If I stare at the laundry with a "look that could kill" will it go away? #MumProblems #ParentProblems— Julie's Notebook (@JuliesNB) September 9, 2015
When I saw this tweet I had to ask Julie if I could use it because I had asked myself this question or perhaps more honestly - if I ignore the laundry long enough, will it go away. The answer for anyone still searching is catergorically, no. The tale of Charlene and the laundry is a sad but triumphant one. Are you sitting comfortably? Then I'll begin.
Once there was a girl she lived in a little house with a creaky gate and a cranky cat. She had a modest wardrobe. Just half of an average sized closet, okay three quarters. She had two pairs of jeans, maybe three proper frocks and a not unreasonable collection of shoes. The girl had a husband that liked to wear navy cords. Everyday he wore cords, she couldn't swear they weren't the same pair of cords. The girl and her husband had a lovely life - they worked hard, had drinks with friends and did washing once a week and then one day, when the moon was waning, they had a little baby and s**t got real.
The baby was very small. Small even by baby standards and yet the couple found that as if by magic their washing grew greater each day. The baby wore the tiniest of socks and titchy little vests but still the basket overflowed. The girl could not understand but try as she might the washing was never done. One day she fell to the floor, piles and piles around her. How will I keep up?! She cried. She closed her eyes and held her breath and wished for someone to help her and when she opened her eyes...nothing had happened. So this is what she did.
Unclog the system I got rid of everything that would get stuck in the system - everyday items that need dry cleaning; white tops that stain within thirty seconds of wearing; pleaty things that take two days to iron. I refused to let them hold me back any longer.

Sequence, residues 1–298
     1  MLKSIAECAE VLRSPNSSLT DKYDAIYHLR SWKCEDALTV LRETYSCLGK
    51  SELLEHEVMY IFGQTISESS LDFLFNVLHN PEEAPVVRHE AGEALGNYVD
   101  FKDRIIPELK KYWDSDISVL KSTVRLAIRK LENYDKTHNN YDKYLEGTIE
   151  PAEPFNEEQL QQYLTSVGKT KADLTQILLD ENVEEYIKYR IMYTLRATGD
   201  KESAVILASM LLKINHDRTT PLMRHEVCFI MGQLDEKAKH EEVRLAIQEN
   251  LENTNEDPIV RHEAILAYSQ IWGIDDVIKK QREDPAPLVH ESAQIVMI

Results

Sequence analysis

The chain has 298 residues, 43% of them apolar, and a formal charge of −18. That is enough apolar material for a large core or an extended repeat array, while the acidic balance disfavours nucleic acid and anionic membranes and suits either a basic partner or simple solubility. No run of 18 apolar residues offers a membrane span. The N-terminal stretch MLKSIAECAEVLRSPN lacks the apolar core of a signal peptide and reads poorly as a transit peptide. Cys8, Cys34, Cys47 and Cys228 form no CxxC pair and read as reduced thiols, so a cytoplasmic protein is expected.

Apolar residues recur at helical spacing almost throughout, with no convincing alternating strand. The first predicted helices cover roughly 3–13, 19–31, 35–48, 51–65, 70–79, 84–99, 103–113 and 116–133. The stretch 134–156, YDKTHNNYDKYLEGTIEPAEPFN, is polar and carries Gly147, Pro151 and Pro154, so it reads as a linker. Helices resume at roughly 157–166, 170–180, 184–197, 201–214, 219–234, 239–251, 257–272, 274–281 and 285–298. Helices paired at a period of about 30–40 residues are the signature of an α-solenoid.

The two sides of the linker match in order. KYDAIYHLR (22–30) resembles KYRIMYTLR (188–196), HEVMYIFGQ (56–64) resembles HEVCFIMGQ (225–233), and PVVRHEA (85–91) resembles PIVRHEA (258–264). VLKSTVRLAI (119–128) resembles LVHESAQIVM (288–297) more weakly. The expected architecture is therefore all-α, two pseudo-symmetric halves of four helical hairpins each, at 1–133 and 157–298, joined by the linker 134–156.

End the separation I'm sorry, I know this is going to make some of you feel deeply uncomfortable but I just stopped separating. I'm trying to do my best for the planet and I mainly wash on a lowish heat; very rarely does it cause drama. The odd occasion that it goes wrong is worth the energy it would take to separate my washing. Life's too short to stress about a hint of pink.
Set the programme We now have a strict system for the processing of laundry in our house. Dirty clothes go from the body into the washing machine. No chance of getting held up by a third party. When the machine is full we do the wash. We put the machine on last thing at night and then empty the drum first thing in the morning. I no longer have to work up the motivation to do washing because one event simply triggers another - I have to put the machine on because the machine is full and I have to empty the machine because otherwise I'll have nowhere to put my dirty clothes.
Bigger is not better If you're not ready for the maverick laundry lifestyle I've adopted, I'd recommend getting a small laundry basket. In fact a laundry bag is ideal and nothing that holds more than a load. Huge laundry baskets lull you into a false sense of security - la, la, la I don't have to do washing and then BOOM, three weeks of dirty clothes. Don't hide behind your basket - set that washing free.
Thanks Julie for letting me share your tweet! Julie blogs over at Julie's Notebook, please say hi! Laundry is the dirty secret that all families battle with. If you have any washing tips, I'd love to hear them.